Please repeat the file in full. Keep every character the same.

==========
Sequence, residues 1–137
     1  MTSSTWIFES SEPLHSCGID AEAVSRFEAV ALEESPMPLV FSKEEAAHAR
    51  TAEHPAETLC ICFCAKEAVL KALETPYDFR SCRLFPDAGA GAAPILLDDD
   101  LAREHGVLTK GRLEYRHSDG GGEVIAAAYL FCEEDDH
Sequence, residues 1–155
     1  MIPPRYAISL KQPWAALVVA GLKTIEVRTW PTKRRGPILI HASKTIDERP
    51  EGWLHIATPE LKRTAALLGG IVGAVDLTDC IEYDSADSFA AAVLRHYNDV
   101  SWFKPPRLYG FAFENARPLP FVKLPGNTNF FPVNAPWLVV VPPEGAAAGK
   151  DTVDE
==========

Sequence, residues 1–137
     1  MTSSTWIFES SEPLHSCGID AEAVSRFEAV ALEESPMPLV FSKEEAAHAR
    51  TAEHPAETLC ICFCAKEAVL KALETPYDFR SCRLFPDAGA GAAPILLDDD
   101  LAREHGVLTK GRLEYRHSDG GGEVIAAAYL FCEEDDH
Sequence, residues 1–155
     1  MIPPRYAISL KQPWAALVVA GLKTIEVRTW PTKRRGPILI HASKTIDERP
    51  EGWLHIATPE LKRTAALLGG IVGAVDLTDC IEYDSADSFA AAVLRHYNDV
   101  SWFKPPRLYG FAFENARPLP FVKLPGNTNF FPVNAPWLVV VPPEGAAAGK
   151  DTVDE